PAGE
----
Activity on the Barbados stock market has dwindled significantly over the past decade, and there are concerns that if urgent measures are not taken to turn the situation around, the investment option could disappear.
There has been a glaring reduction in the level of trading of shares and the number of listed companies on the Barbados Stock Exchange (BSE). There are currently 15 companies listed on the regular stock market, down from close to 30 just over ten years ago.
Some days, no security trading takes place on the regular stock market and other days, the number of shares changing hands average in the hundreds, often from one security.
One company came close to being delisted recently, while another recently indicated the possibility of it being delisted, and Barbados TODAY understands that the fate of another currently hangs in the balance.
Douglas Skeete, representative of the Barbados Association of Corporate Shareholders, said incentives from the Government could bring about some change.
“Up to ten years ago, you had reasonably robust trading on the exchange because of the tax incentives that were given by Government. Those were removed probably around 10 to 12 years ago, and with the removal of those incentives we saw the activity plunge. Folks were not keen to invest in the exchange because of the lack of incentives,” he said.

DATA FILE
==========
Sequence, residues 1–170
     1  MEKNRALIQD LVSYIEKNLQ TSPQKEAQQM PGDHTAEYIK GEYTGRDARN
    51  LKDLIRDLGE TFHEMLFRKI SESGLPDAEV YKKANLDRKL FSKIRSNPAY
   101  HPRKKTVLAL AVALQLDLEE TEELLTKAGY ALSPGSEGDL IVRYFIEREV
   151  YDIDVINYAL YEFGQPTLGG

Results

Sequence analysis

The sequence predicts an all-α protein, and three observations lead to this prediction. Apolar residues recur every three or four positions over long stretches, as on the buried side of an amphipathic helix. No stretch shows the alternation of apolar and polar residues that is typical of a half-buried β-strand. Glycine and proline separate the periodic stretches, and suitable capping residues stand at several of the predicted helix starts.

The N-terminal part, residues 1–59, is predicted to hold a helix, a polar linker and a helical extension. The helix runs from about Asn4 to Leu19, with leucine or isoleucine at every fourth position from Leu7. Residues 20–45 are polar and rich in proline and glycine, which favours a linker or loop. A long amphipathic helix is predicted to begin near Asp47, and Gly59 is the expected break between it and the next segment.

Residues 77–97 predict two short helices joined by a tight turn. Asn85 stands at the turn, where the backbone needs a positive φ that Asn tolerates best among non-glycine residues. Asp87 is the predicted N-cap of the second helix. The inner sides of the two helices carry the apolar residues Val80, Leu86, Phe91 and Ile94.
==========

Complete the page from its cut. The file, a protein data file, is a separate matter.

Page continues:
The other side of the coin is that several local companies have been taken over by overseas firms, who then decide to delist from the BSE.
Some of the most notable firms to be delisted in recent times were Trinidad Cement Ltd, Sagicor Financial Corporation Ltd, Barbados Light and Power Company (EMERA Caribbean Inc.), Banks Holdings Ltd, and West Indies Rum Distillery Ltd.
Giving his assessment of the situation, Skeete told Barbados TODAY the buyout of companies could also be a deterrent to people buying and selling stocks like they used to.
“Prospective investors are not going to find the Stock Exchange as an attractive place to go and buy shares, simply because of those reasons – the lack of tax incentives and the constant buyouts and the unfair prices being offered. Those are reasons no one will gravitate to the Exchange,” said Skeete.
“One of the critical reasons you have to consider is that the Stock Exchange has not attracted the attention of any Government in recent times, where Government has looked at it and said ‘this is an area we need to concentrate resources or attention’,” he added.
Skeete said until Government comes to the rescue, “what you are going to have is a slow spiral down, to a state eventually where the Stock Exchange may become non-existent”.
“I see the potential for it to be less active,” he added.
Started in the 1980s as the Securities Exchange of Barbados, the trading facility was later reincorporated as the BSE in 2001. It was in 2015 that it became a shareholder-owned, for-profit organisation.
Skeete said it was time for a detailed assessment of the BSE to identify the failings and the opportunities for improvement.
He suggested that lessons could be learned from the more vibrant Jamaica Stock Exchange and the Trinidad & Tobago Stock Exchange.